If you’d like to say goodbye to bloating stomachs and other tummy troubles for good, you’ll need to get your gut health in order. Here, gastroenterologists in Singapore share how you can improve your digestive health naturally with certain dietary and lifestyle changes including probiotics.
What is gut health and why does it matter?
The human intestines have billions of bacteria, some harmful and some helpful. These microorganisms play a vital role in digestion, as well as immune function and brain-gut communication, explains DR CHRISTOPHER KONG SAN CHOON, a senior consultant and gastroenterology and liver specialist at StarMed Specialist Centre.
“Gut health” refers to the balance of these microorganisms that live in our digestive system. An imbalance of microbiota is linked to a range of health issues including diabetes, high cholesterol, heart disease, inflammatory bowel conditions, autoimmune disorders and asthma, as well as food allergies and intolerances.
This is why sustaining the correct balance of microbiota is fundamental for our physical and mental health, our immunity and overall disease prevention, according to gastroenterologist DR ANDREA RAJNAKOVA of Andrea’s Digestive, Colon, Liver and Gallbladder Clinic.
Everyone’s gut microbiota changes over time, as it’s affected by age, environmental factors and diet. While we can’t control every single factor that influences our digestive tract, we do have control over what we put into our bodies, and the capacity to make healthier lifestyle choices – which means we have some of the power when it comes to influencing the state of our gut.
Not sure where to start? Here are eight things you can do to improve your digestive health naturally.
#1 Eat a diverse range of foods
A diverse microbiota is considered to be a healthy one – and a well-balanced diet that incorporates all food groups can help with that. Dr Andrea recommends:
- eating foods that contain healthy fats, such as olives, avocado oils, extra virgin olive oil, nuts, seeds and fish;
- eating plenty of fruit and vegetables (“the more colourful, the better!”);
- eating a small amount of complex carbohydrates – whole grains, vegetables, fruits and beans are great sources of energy, and should be chosen over white bread, white rice, pastries and overly processed foods; and
- consuming calcium-rich foods including kale, cabbage, broccoli, spring greens, bok choy and, of course, milk.
#2 Try a more plant-based diet
Research has shown that there’s a difference between the gut flora of vegetarians and that of meat-eaters, explains Dr Andrea. “Vegetarian or plant-based diets are associated with greater diversity in the gut microbiome and have a greater abundance of bacteria responsible for the long-term processing of fibres.”
While it isn’t necessary to cut out meat sources completely, Dr Andrea says that cutting back on meat consumption – even if it’s simply removing meat from one’s diet just once a week – can be very beneficial.
For this reason, she says it may be worth considering a flexitarian diet – one in which you follow a mostly vegetarian diet, but occasionally consume seafood or meat. This might mean abstaining from meat six days a week to one person, but going meatless only once a week to another.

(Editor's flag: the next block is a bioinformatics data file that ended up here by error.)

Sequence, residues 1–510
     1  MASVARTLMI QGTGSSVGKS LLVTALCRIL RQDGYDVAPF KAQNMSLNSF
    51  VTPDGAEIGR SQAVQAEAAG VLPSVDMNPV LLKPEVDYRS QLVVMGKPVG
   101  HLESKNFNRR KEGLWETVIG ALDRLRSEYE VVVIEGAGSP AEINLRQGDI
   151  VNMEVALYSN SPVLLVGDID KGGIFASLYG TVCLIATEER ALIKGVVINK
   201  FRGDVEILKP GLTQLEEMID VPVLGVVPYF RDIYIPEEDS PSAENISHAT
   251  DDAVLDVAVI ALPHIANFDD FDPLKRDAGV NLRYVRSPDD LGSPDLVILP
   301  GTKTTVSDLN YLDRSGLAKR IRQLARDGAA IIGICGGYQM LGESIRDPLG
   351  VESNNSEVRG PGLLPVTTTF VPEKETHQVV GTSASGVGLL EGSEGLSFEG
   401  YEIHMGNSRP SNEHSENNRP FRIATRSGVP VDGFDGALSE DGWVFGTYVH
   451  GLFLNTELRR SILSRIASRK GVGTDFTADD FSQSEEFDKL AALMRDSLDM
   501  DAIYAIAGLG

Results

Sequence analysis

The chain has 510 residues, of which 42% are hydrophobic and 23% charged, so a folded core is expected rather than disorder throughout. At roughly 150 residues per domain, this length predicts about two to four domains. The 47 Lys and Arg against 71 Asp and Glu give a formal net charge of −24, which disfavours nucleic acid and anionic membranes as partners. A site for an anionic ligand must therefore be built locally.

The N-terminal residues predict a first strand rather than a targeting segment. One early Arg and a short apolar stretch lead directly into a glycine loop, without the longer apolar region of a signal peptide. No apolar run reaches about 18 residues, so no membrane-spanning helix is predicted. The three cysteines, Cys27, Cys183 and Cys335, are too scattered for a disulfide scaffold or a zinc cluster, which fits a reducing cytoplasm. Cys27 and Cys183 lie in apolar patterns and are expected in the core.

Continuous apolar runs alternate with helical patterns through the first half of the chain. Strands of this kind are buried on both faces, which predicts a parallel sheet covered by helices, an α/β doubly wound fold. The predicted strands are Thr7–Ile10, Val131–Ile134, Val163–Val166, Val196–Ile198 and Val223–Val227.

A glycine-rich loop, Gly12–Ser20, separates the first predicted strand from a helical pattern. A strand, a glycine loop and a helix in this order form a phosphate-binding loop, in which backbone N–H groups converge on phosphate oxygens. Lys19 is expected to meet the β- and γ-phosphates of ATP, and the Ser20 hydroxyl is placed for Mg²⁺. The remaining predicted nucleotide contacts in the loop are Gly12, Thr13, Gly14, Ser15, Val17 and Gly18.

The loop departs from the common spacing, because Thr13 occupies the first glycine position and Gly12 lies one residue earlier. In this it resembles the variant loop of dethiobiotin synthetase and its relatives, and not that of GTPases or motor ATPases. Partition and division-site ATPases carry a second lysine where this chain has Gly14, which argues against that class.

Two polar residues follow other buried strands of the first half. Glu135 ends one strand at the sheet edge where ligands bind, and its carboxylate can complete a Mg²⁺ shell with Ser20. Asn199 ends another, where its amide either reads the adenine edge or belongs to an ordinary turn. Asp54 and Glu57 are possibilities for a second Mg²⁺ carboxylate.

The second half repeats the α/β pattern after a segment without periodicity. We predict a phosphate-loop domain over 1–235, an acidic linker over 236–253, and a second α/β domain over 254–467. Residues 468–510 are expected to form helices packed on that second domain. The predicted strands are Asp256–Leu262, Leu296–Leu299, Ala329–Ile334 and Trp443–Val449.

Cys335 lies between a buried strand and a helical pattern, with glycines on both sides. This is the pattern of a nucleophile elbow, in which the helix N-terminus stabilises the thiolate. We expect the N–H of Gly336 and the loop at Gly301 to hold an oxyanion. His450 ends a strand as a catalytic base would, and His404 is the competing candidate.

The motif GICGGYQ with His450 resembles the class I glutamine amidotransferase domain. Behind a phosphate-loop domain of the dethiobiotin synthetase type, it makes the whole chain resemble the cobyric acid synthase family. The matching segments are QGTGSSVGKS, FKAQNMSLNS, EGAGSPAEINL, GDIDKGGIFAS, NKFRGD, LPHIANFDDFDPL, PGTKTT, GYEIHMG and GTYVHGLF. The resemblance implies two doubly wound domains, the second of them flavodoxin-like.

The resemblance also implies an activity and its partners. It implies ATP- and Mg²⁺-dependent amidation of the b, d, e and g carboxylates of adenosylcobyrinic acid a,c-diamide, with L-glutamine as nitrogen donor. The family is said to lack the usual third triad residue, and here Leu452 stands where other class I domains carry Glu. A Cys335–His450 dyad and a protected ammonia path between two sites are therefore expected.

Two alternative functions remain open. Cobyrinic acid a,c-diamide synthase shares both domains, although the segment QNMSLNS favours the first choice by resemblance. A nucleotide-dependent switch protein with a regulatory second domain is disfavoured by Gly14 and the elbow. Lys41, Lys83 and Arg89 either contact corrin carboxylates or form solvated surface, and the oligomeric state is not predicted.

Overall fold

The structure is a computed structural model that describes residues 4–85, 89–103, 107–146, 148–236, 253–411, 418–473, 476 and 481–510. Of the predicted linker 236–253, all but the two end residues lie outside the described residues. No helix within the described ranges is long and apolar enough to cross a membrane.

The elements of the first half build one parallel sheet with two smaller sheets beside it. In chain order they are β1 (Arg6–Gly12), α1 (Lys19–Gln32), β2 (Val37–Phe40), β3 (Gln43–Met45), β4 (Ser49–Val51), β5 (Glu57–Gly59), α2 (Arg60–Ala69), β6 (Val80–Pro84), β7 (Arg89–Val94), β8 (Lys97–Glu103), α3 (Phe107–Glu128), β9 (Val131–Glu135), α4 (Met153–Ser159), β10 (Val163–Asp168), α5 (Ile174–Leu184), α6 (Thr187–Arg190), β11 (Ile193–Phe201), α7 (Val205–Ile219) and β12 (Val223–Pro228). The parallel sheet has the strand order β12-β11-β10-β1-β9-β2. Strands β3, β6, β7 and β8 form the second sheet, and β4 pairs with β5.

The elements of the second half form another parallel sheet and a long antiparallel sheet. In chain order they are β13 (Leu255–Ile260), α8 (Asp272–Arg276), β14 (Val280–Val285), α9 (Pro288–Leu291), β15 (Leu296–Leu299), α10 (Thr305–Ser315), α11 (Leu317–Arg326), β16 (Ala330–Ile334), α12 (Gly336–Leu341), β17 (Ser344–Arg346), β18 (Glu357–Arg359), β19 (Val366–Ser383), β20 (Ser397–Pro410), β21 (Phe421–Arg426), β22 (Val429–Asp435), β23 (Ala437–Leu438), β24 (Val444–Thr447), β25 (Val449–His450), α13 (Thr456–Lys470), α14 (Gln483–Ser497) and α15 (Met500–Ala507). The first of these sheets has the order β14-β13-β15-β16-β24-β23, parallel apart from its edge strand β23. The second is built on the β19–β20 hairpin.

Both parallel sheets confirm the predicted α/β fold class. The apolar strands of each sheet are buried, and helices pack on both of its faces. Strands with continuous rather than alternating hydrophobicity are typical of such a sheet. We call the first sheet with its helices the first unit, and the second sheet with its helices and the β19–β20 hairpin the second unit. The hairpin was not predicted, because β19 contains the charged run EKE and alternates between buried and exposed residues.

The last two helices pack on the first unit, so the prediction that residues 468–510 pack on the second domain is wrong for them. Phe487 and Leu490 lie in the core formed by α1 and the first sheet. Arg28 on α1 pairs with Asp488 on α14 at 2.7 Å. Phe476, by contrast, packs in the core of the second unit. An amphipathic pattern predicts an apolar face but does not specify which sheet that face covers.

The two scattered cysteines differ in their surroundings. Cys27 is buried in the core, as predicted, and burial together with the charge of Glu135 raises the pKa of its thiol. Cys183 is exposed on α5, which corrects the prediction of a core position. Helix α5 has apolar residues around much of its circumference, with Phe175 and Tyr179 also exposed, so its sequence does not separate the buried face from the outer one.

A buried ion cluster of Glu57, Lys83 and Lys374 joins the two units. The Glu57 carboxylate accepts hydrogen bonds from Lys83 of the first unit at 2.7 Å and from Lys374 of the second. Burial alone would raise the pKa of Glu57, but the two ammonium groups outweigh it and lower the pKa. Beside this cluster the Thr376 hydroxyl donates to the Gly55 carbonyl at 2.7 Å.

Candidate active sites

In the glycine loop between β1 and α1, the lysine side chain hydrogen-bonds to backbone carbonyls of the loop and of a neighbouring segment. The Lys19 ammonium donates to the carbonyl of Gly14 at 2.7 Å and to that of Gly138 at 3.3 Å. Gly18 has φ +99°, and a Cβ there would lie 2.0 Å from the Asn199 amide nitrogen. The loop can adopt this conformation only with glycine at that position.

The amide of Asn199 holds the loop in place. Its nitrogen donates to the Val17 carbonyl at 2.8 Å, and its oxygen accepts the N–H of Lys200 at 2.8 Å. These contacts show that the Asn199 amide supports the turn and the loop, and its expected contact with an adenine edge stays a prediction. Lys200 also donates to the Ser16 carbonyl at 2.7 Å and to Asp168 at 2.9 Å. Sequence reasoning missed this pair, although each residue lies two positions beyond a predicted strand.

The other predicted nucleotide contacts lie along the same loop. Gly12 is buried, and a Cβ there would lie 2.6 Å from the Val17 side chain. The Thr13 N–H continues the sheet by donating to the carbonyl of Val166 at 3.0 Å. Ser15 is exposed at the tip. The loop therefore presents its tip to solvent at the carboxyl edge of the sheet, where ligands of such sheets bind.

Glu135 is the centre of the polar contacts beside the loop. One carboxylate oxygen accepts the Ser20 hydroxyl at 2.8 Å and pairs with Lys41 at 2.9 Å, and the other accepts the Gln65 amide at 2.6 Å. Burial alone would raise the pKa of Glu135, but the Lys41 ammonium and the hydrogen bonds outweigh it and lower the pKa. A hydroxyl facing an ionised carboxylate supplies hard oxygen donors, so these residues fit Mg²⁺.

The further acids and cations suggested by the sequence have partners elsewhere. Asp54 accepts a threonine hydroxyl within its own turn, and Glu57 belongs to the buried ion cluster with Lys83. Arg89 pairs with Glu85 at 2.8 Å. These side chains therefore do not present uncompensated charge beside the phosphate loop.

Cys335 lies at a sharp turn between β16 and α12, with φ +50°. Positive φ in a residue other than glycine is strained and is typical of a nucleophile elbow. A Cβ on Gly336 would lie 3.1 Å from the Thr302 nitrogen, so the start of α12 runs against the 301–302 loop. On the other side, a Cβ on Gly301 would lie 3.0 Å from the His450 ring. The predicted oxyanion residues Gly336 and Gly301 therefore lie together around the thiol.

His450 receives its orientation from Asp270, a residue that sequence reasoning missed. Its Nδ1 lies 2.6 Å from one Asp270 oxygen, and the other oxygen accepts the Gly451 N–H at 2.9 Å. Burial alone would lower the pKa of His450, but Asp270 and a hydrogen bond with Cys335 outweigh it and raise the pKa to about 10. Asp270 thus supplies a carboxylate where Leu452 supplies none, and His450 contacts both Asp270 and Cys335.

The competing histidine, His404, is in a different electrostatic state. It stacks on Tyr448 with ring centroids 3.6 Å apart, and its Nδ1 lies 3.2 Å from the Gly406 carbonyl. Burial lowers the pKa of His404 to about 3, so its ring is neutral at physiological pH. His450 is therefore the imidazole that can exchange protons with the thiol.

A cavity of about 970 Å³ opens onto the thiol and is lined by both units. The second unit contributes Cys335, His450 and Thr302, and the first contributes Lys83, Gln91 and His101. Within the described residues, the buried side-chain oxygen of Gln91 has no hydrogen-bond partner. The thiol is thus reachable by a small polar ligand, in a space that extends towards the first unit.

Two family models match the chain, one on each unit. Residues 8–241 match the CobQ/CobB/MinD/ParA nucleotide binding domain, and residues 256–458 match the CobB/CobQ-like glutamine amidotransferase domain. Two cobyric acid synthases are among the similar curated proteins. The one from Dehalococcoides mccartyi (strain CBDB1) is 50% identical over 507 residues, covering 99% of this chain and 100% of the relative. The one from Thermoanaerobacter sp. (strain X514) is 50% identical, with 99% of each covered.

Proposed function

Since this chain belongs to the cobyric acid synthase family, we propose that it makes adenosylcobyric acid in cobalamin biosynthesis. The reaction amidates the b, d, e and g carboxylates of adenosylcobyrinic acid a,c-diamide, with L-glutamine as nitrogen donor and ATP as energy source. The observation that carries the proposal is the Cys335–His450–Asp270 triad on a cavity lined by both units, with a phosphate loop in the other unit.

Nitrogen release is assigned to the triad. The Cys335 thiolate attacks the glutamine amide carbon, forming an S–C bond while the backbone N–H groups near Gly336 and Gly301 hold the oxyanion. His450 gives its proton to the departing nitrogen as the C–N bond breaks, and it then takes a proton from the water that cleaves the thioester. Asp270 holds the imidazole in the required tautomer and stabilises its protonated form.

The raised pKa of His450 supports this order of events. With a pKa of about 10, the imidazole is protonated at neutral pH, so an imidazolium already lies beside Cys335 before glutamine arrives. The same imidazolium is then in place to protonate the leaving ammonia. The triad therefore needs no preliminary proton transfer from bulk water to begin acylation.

“I think the flexitarian diet is a good compromise that offers flexibility,” says Dr Andrea. “Having the variety of animal proteins just a few times a week can provide an even better assortment of the different vitamins and minerals that a pure vegetarian diet lacks.”
#3 Stay hydrated with water
Staying hydrated is important to our overall health. And choosing water over sugary drinks and other beverages is key, says Dr Andrea. She suggests drinking at least two litres of water every single day.
“Coffee, tea, freshly squeezed fruit juices and low-fat milk can fit into a healthy diet, but are best consumed in moderation. Also, avoid instant beverages, including ones with sugar and artificial sweeteners like cola, fruit juice, bottled tea, some yoghurt drinks and flavoured milk, and energy drinks because they may cause bacterial imbalance in the gut.”
#4 Increase your intake of probiotics and prebiotics
Probiotics are live microorganisms that can improve or restore the gut flora, explains Dr Andrea. They can be found in fermented foods such as kimchi, sauerkraut, kombucha, tempeh and miso, and fermented dairy products such as yoghurt, kefir and buttermilk.
To boost the beneficial bacteria in your gut, you can also take probiotic dietary supplements, which can help reduce gastrointestinal discomfort, improve immune health and relieve constipation. But, since different types of probiotics may have different effects, it’s best to talk to your doctor about choosing the one that’s right for you.
Prebiotics are also beneficial, as they feed the “good bacteria” in your gut. Examples of prebiotic food sources include onions, garlic, leeks, bananas, barley, oats, asparagus and apples.
Andrea’s Digestive, Colon, Liver and Gallbladder Clinic
#21-11/12 Royal Square at Novena, 101 Irrawaddy Road
6264 2836 | andrea-digestive-clinic.com
This article first appeared in the April 2022 edition of Expat Living. You can purchase the latest issue or subscribe, so you never miss a copy!